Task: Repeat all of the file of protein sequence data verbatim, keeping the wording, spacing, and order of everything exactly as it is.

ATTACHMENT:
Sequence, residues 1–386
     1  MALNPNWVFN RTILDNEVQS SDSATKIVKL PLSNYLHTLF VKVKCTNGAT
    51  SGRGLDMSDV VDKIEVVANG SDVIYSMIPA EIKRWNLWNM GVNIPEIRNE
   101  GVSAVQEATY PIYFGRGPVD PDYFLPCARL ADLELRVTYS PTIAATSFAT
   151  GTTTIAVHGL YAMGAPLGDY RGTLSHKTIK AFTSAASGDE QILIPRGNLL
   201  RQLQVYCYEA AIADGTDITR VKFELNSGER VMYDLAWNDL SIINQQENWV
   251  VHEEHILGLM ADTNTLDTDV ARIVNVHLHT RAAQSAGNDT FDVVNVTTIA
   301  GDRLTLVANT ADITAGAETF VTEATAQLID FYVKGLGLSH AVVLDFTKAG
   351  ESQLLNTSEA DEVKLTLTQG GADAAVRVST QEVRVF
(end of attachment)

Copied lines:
Sequence, residues 1–386
     1  MALNPNWVFN RTILDNEVQS SDSATKIVKL PLSNYLHTLF VKVKCTNGAT
    51  SGRGLDMSDV VDKIEVVANG SDVIYSMIPA EIKRWNLWNM GVNIPEIRNE
   101  GVSAVQEATY PIYFGRGPVD PDYFLPCARL ADLELRVTYS PTIAATSFAT
   151  GTTTIAVHGL YAMGAPLGDY RGTLSHKTIK AFTSAASGDE QILIPRGNLL
   201  RQLQVYCYEA AIADGTDITR VKFELNSGER VMYDLAWNDL SIINQQENWV
   251  VHEEHILGLM ADTNTLDTDV ARIVNVHLHT RAAQSAGNDT FDVVNVTTIA
   301  GDRLTLVANT ADITAGAETF VTEATAQLID FYVKGLGLSH AVVLDFTKAG
   351  ESQLLNTSEA DEVKLTLTQG GADAAVRVST QEVRVF